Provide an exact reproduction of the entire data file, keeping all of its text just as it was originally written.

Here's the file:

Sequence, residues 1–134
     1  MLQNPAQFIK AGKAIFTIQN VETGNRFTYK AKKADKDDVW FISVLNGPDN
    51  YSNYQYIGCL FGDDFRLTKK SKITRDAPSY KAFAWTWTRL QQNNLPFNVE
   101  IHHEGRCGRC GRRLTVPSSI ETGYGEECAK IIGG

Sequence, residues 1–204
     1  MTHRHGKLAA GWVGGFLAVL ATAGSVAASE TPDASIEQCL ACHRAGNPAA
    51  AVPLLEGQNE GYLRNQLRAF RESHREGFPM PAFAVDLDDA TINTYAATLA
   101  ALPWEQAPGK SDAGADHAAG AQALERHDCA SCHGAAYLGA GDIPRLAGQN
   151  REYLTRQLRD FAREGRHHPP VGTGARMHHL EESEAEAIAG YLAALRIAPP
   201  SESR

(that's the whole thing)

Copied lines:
Sequence, residues 1–134
     1  MLQNPAQFIK AGKAIFTIQN VETGNRFTYK AKKADKDDVW FISVLNGPDN
    51  YSNYQYIGCL FGDDFRLTKK SKITRDAPSY KAFAWTWTRL QQNNLPFNVE
   101  IHHEGRCGRC GRRLTVPSSI ETGYGEECAK IIGG

Sequence, residues 1–204
     1  MTHRHGKLAA GWVGGFLAVL ATAGSVAASE TPDASIEQCL ACHRAGNPAA
    51  AVPLLEGQNE GYLRNQLRAF RESHREGFPM PAFAVDLDDA TINTYAATLA
   101  ALPWEQAPGK SDAGADHAAG AQALERHDCA SCHGAAYLGA GDIPRLAGQN
   151  REYLTRQLRD FAREGRHHPP VGTGARMHHL EESEAEAIAG YLAALRIAPP
   201  SESR